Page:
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diabetes

Funding a cure for

type 1 diabetes

Doctors and scientists based at the Westmead Millennium Institute for Medical Research and Westmead Hospital have been awarded $3.3 million to extend their research into a clinical cure for type 1 diabetes — a chronic autoimmune disease affecting 120,000 Australians.

T

successful. But so far its use has been limited to a

treat the disease before diabetes has manifested,”

small number of patients with so-called ‘brittle’

Professor O’Connell said.

diabetes.

“It will allow us to concentrate on prevention

“The current need for transplant recipients

and cure — so that one day, patients won’t

ype 1 diabetes destroys the body’s

to take powerful drugs for the rest of their lives

need insulin injections or pumps, and medical

insulin-producing cells, which normally prevent

to prevent islet rejection means the technique has

complications will be a thing of the past.”

blood-sugar levels from becoming dangerously high.

been reserved for people with life-threatening

The four-year research program will aim to

As noted by Professor Philip O’Connell, the leader

undetected hypoglycaemia and is not suitable for

develop alternative strategies that promote immune

of the Westmead research, “Until now, treatment

children or younger patients,” he said.

tolerance towards transplanted pancreatic islets,

has focused on managing the consequences and

Now, the Type 1 Diabetes Clinical Research

thereby making islet transplantation a viable

Network (T1DCRN) has awarded Professor

option for a wider range of Australians living with

Professor O’Connell and his team have sought

O’Connell’s team a grant to advance this research.

type 1 diabetes.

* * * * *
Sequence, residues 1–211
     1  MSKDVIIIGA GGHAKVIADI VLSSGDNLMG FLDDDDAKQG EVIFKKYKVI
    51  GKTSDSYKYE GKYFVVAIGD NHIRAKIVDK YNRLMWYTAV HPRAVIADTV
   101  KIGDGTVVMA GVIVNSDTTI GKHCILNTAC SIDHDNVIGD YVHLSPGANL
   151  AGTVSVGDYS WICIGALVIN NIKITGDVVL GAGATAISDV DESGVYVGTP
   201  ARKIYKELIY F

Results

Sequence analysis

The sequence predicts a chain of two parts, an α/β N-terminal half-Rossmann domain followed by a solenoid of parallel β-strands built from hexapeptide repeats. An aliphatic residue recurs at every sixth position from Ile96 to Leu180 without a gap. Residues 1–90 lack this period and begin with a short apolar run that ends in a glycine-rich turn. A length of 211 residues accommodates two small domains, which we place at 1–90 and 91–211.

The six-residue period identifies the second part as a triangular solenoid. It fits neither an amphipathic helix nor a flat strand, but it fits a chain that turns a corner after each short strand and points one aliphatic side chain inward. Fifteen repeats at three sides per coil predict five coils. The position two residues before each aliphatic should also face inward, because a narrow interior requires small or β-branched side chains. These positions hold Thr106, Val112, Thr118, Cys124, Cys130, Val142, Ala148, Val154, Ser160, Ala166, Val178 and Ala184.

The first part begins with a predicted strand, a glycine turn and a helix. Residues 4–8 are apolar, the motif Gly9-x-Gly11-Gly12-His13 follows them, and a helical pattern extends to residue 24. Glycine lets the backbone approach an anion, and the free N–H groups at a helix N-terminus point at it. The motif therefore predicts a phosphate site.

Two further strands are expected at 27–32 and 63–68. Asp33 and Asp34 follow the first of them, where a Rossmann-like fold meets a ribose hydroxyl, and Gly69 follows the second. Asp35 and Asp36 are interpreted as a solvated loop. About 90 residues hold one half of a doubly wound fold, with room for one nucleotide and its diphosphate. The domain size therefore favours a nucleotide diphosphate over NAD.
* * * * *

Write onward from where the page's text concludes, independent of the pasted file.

to change this, taking insulin-producing islet cells

The network’s funding is designed to plug the gap

“The average age of patients when they

from a donor pancreas and infusing them into

between lab-based research and expensive clinical

suffer the onset of type 1 diabetes is just 11 years,

the liver of a patient with type 1 diabetes via the

trials that prevents new type 1 diabetes treatments

so if we could successfully use pancreatic islet

portal vein. There, the islet cells populate and start

entering widespread use.

transplantation in the young, it would solve

complications of type 1 diabetes.”

producing insulin, providing a practical cure for an otherwise debilitating disease.

“Winning a grant of this size allows us to

a significant problem,” Professor O’Connell

assemble the necessary expertise to develop a

said. He added that the research could bring his

Professor O’Connell said clinical trials

completely new therapeutic paradigm, which

team closer to “achieving the goal of drug-free

underway at Westmead Hospital and elsewhere

not only has the potential to improve islet

immunosuppression, which may benefit the

since 2006 have proven the technique to be highly

transplantation but will also have the potential to

recipients of other types of transplants”.

4 | LAB+LIFE SCIENTIST - October 2015

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